• Learn how to use spreadsheets better: Let’s just say I do not know my way around a spreadsheet, and some learning some simple ways to navigate around it would be great! Wish me luck.
  • Do it now! Every time I think “I can do it later”, I will do it now. Period.

Some work related books on my reading list for April:

Some non-work related books on my reading list for April:


One True Loves, by Taylor Jenkins Reid


Sometimes you don’t realize that you are in a bit of a reading rut, until you pick up a book that just steals your heart. I had no idea who Taylor Jenkins Reid was until I read her beautiful book, The Seven Husbands of Evelyn Hugo. Then when I read Evelyn, I promptly followed TJR on Instagram, and kept my eyes peeled for books by her at my local bookstore.

One True Loves follows Emma Blair who married her high school boyfriend, Jesse. They built a life halfway across the country, based on travel and freelance journalism. When Jesse goes on a solo trip to Alaska before their one year anniversary, his helicopter goes missing. And Jesse is gone. Emma does her best to move on slowly, and each day it becomes easier for her to live again. Then she runs into Sam, an acquaintance from high school, and falls in love. When Sam and Emma become engaged, Emma gets a phone call that will change everything. It’s from her husband.

My Top Five Favourite Things from One True Loves:

  • Emma Blair (the main character) has got a booty, and an everyday girl type of body!!
  • Emma, and Taylor Jenkins Reid both love Leonardo DiCaprio. This is a girl after my heart.
  • The Blair family owns a bookshop. Enough said.
  • I learned when applying mascara, if your lashes clump, to use a safety pin to straighten them. Genius!
  • There’s a reference to a T-shirt that says, “Read a Mother F&#king Book”.

This book is great. It’s funny how many times I’ve said “I don’t do romance, or love stories!” Then I stumble upon a well written, funny, great love story, and regret that I say that. I just fell in love with the main character, Emma. She’s real, flawed, and so sweet. She’s an everyday girl whose been thrown into a situation that is almost impossible to understand what you would do until you have to make a decision like that.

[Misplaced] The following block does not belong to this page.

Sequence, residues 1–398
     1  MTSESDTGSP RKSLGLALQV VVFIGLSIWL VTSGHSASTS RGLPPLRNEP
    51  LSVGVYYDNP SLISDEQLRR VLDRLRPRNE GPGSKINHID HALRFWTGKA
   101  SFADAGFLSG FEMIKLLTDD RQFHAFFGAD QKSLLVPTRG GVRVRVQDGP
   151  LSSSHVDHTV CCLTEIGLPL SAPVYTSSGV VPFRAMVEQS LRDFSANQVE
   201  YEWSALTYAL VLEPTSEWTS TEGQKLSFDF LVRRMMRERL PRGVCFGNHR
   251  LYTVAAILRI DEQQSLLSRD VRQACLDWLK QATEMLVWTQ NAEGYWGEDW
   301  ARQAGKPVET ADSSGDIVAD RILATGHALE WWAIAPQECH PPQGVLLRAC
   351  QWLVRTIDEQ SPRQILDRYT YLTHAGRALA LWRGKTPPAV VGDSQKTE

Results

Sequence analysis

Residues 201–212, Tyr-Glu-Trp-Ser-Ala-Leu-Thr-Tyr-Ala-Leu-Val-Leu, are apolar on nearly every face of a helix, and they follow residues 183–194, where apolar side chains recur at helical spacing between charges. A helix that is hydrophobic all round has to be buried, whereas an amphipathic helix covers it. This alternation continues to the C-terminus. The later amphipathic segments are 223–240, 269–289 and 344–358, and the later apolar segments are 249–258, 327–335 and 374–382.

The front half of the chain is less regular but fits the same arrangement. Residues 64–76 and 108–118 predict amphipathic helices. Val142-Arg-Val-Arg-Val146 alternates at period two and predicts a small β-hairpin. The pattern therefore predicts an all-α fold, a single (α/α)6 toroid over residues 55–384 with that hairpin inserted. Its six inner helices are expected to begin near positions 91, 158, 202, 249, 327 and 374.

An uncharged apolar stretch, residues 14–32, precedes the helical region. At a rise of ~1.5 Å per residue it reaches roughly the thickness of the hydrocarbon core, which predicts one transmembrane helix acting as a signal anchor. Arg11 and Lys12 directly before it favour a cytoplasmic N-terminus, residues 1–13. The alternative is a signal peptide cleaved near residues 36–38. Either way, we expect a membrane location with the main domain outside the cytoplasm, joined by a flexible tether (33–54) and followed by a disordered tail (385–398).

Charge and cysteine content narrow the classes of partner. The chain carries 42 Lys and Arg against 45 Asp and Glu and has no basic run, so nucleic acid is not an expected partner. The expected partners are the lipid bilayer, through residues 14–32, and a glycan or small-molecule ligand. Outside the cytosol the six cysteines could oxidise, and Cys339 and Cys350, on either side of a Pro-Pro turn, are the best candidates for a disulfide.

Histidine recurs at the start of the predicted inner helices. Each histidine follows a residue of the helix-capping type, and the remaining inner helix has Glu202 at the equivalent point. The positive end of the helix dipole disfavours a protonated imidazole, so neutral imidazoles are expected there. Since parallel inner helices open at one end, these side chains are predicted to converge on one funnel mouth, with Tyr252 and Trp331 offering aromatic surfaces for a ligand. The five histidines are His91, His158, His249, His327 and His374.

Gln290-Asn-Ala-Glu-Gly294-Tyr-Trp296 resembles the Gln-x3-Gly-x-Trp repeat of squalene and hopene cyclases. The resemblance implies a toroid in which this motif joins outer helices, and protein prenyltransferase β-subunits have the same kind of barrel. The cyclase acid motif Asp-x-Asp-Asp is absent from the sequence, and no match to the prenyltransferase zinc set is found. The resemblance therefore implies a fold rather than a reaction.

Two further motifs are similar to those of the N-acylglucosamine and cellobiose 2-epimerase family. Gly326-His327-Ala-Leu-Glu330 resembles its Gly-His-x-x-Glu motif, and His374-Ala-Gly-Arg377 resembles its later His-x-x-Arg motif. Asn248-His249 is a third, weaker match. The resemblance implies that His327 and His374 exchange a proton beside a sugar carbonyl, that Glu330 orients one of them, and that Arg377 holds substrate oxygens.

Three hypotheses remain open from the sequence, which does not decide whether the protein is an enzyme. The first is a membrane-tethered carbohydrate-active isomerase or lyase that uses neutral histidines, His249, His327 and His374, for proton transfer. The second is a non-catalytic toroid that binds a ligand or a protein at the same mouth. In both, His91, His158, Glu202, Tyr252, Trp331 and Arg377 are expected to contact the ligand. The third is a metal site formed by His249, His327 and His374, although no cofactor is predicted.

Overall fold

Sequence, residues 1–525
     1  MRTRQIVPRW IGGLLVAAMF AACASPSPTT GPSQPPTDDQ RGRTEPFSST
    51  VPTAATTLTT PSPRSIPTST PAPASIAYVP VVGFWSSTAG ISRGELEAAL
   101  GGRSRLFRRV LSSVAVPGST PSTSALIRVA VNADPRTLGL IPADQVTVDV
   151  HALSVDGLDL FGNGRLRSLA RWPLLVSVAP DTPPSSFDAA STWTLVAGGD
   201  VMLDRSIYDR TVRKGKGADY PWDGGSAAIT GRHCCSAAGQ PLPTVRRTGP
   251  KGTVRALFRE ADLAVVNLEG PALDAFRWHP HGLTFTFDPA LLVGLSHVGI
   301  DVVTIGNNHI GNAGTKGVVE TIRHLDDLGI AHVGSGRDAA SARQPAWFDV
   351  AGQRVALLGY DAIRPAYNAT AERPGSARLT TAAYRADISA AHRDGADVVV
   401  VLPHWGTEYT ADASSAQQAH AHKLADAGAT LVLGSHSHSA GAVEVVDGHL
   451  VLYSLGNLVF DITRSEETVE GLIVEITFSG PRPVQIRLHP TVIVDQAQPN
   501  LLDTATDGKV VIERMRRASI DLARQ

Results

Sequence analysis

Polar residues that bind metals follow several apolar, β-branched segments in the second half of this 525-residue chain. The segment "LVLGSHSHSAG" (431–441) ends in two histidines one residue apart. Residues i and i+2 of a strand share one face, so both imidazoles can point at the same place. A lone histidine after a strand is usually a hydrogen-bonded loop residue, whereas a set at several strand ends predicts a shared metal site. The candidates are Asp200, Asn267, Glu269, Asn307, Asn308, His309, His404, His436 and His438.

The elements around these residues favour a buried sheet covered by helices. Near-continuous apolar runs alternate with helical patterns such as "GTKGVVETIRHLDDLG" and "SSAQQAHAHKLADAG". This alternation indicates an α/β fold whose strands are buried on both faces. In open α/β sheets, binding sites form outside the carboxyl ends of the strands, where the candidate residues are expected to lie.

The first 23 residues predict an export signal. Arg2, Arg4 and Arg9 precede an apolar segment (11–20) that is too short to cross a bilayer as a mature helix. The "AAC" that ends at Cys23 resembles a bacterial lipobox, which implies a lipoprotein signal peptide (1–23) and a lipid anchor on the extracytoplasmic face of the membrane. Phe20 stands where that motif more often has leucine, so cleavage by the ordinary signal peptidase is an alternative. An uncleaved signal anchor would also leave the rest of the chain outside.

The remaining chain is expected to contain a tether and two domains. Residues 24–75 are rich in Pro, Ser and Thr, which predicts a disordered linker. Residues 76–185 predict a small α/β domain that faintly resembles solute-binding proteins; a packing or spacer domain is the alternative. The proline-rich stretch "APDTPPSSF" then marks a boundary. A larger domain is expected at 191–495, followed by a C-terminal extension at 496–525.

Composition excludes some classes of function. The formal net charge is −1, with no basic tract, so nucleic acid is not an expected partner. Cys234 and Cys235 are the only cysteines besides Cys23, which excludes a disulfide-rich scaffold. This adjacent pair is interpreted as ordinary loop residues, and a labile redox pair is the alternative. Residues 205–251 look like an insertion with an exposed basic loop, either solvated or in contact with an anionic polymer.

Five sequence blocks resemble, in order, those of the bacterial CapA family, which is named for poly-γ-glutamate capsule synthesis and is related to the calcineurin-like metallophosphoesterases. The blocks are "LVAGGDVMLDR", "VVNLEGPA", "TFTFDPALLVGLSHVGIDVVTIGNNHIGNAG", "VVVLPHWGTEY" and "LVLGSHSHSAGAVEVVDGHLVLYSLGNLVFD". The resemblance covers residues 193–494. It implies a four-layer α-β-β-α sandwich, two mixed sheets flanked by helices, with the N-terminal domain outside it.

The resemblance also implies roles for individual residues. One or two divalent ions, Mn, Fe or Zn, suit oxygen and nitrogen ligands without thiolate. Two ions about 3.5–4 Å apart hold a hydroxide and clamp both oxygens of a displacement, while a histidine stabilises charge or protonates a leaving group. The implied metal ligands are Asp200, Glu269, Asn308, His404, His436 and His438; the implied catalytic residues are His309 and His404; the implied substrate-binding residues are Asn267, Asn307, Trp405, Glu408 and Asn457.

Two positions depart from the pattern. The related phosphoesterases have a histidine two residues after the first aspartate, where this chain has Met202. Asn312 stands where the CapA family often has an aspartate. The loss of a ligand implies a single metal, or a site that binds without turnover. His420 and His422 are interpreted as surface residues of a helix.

If you need a book that has a storyline that just sucks you, but doesn’t feel too heavy, then this is the book for you! It’s a fast, fun, engaging read, and I would suggest picking it up.

Anywho, that’s all for today bookish friends. Happy reading!

Brother, by David Chariandy


Brother was the latest book for our in real life book club. Unfortunately, I didn’t make it to this meeting… but I did read the book! It’s just the worst when you don’t get a chance to talk about a book that gives you some big feelings?!? This book had me thinking about these characters all the time… it was intense and woven so tightly that you needed to find out how the story played out.

Brother is a coming of age story of two brothers, Michael and Francis, who live in Rouge Park, Scarborough. Their mother who works long hours, and goes to school in the evening, is exhausted but longs for a better life for her children than the one she had in Trinidad. Their father no longer existing in their life. The boys are as different as they are alike. With interests differing, but their struggles with identity, race, and fear bound them. When crime enters the Park and becomes the norm, Michael struggles as Francis grows further away from the family. This is a heartbreaking story of a family, who has a dark cloud of fear, and exhaustion within their neighbourhood.

But of course, you can’t ever really flee. You’ll forever run the risk of being spotted, if only for a second.